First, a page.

Posts Tagged ‘biblical reflection’

Perhaps the rabbis were correct to affirm that some of the ‘deeper writings’ are not suitable for untrained eyes. Or perhaps the cynical proverb that affirms that ‘school is wasted on the young’ is, after all, on to something.

Or perhaps only mothers and fathers should read such a thing as this:

Therefore thus says the LORD, who redeemed Abraham, concerning the house of Jacob: “Jacob shall no more be ashamed, no more shall his face grow pale. For when he sees his children, the work of my hands, in his midst, they will sanctify my name; they will sanctify the Holy One of Jacob and will stand in awe of the God of Israel. And those who go astray in spirit will come to understanding, and those who murmur will accept instruction.” (Isaiah 29:22–24 ESV)

Jacob’s prodigals had not only run amok on their own terms. They had been dragged to distant lands by the powers of their day to suffer the quick extermination of our news cycle or the slow extermination of assimilation to the alien’s ways.

Jacob, figuratively, bows in the shame of a father’s silent-teared bereavement.

Everything is gone.

Then, suddenly—the word is absent from this passage but a favorite of such Isaianic turns elsewhere—here they are!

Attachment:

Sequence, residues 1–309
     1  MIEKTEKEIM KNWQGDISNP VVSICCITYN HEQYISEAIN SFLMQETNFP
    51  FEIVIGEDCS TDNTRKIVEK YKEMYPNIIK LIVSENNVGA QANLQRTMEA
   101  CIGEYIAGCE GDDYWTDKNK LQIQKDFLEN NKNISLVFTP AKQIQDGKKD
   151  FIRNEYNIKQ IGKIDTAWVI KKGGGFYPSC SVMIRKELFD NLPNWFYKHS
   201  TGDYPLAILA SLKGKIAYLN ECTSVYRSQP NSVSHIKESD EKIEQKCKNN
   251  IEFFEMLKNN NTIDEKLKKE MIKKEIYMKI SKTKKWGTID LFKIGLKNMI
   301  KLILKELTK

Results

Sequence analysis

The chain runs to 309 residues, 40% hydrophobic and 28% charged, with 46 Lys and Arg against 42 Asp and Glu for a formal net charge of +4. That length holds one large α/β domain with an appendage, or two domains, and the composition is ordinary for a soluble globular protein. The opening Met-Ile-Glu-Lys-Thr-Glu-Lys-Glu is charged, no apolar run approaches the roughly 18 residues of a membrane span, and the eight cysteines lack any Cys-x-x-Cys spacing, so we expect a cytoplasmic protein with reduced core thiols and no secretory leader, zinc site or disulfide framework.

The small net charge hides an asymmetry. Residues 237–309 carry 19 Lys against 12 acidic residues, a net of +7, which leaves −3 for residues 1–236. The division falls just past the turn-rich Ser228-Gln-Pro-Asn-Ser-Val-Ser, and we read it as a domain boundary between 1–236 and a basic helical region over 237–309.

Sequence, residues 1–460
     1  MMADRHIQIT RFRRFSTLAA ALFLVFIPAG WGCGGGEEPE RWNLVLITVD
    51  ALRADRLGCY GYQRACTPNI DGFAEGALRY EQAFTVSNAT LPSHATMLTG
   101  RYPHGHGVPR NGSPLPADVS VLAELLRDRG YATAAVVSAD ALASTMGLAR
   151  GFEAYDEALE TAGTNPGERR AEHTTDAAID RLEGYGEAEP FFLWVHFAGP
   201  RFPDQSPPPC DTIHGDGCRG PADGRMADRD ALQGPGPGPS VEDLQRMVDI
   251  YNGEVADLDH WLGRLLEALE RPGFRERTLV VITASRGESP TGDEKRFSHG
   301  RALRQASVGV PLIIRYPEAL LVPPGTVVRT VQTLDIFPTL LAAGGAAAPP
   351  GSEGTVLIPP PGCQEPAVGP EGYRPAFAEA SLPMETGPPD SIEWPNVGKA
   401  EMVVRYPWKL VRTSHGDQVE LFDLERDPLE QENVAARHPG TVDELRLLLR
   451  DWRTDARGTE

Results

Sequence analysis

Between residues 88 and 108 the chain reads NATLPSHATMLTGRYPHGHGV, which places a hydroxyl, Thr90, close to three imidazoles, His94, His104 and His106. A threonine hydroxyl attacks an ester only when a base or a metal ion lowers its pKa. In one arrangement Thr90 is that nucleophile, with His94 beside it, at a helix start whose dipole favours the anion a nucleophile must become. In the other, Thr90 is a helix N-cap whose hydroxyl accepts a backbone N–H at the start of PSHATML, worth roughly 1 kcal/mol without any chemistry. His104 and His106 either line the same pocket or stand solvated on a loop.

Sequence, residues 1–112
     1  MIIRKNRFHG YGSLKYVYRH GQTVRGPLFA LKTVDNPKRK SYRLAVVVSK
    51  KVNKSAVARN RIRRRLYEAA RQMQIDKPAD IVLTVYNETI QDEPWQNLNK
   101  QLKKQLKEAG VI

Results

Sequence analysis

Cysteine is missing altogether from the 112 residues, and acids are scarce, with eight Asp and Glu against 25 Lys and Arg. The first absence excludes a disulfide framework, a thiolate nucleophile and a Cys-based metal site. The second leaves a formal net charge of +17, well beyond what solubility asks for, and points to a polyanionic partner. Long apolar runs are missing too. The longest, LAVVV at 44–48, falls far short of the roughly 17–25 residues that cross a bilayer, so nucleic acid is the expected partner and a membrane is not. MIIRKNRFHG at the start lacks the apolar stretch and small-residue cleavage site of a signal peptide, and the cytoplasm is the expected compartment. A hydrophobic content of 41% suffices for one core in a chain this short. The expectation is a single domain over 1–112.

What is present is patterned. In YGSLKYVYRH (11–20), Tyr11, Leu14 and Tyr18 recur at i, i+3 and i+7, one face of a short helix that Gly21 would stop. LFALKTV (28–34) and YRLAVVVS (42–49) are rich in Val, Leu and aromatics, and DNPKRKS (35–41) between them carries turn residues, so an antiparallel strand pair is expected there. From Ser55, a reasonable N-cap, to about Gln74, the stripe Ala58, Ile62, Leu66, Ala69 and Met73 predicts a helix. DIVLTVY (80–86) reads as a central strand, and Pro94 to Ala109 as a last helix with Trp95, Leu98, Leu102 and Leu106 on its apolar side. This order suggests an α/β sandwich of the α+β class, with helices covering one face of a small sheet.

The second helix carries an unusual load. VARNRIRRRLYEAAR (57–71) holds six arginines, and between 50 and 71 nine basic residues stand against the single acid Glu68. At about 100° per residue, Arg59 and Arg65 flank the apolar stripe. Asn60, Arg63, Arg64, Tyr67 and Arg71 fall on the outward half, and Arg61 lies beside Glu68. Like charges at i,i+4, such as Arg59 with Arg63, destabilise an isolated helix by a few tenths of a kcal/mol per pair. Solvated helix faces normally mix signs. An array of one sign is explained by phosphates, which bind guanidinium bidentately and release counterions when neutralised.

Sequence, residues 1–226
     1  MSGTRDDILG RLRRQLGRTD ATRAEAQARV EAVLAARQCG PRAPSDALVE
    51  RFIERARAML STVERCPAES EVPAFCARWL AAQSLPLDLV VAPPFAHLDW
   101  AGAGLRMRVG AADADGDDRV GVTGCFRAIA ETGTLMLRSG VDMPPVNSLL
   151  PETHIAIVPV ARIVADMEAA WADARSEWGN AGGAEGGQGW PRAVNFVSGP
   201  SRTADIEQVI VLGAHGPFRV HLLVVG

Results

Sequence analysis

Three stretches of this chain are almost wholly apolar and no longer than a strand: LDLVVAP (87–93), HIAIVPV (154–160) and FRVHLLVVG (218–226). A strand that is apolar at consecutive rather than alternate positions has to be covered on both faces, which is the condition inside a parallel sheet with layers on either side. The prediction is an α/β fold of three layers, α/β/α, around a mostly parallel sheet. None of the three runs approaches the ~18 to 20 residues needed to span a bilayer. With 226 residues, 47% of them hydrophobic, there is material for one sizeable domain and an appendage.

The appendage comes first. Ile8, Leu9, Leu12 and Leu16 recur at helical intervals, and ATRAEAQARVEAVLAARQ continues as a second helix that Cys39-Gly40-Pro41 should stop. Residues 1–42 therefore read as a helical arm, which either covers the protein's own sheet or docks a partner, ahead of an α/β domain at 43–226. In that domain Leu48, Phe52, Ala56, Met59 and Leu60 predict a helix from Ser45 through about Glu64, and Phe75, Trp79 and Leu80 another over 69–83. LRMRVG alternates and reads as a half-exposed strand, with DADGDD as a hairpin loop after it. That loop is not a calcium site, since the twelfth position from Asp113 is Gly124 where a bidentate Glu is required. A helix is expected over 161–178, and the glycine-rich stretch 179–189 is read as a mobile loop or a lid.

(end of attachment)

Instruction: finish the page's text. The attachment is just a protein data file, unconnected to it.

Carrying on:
Two ironies haunt this brief passage of over-the-top restoration. First, Jacob’s response goes unrecorded. All we know is that the prodigals are back both in body and in soul. They sanctify Jacob’s God. They are not the proverbial ex-smokers with their steel-faced prohibitions, not the loud and self-assured recent converts with a plan for your life. On the contrary, these lost children—now found— stand before their Returner in awestruck silence.

Jacob did not teach them such things, for they were far away, gone, children’s voices from torturing memories never to be heard again.

Indeed, this draws the reader into the text’s second irony.

For when (Jacob) sees his children, the work of my hands, in his midst, they will sanctify my name; they will sanctify the Holy One of Jacob and will stand in awe of the God of Israel.

They are, YHWH affirms, ‘the work of my hands’, now to be found ‘in his (Jacob’s) midst’.

This has not been Jacob’s work, this resurrecting of dead children, this returning of prodigals, this mourning turned to dance.

We do not read here of Jacob’s response to this majestic impossibility.

But a father, this morning, can imagine it.


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Before all things, we protect our children.

The park just outside my window is frequented by parents and small children, these defenseless little tykes who would not know a leaf from a wasp. Nor do we expect them to know. So, we cradle them in our arms against all threat unseen. We swoop them low to greet the neighbor’s little doggy, though we would not have them crawl beside the four-legger, for who knows what strange ferocity might kick in suddenly in a world like ours.

We expose them gradually to our little park, one that is in the main benign but might harbor here or there a sting, a bite, a lecher too kind.

Yet the book of Isaiah knows a day when such things will be unthinkable, so will wisdom and understanding and justice and fidelity have taken root in this world’s blighted soil, erstwhile a poison but now a garden.

The nursing child shall play over the hole of the cobra, and the weaned child shall put his hand on the adder’s den. (Isaiah 11:8 ESV)